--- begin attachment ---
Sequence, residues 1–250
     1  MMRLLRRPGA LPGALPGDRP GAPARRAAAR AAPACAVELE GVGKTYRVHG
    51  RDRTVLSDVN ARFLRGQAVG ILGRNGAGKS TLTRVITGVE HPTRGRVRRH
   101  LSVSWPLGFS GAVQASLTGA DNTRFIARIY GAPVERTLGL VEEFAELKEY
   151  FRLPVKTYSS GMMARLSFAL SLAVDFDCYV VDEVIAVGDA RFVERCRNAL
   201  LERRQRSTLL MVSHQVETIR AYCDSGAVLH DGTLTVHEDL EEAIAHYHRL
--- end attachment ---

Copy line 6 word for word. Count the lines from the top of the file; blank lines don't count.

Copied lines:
   201  LERRQRSTLL MVSHQVETIR AYCDSGAVLH DGTLTVHEDL EEAIAHYHRL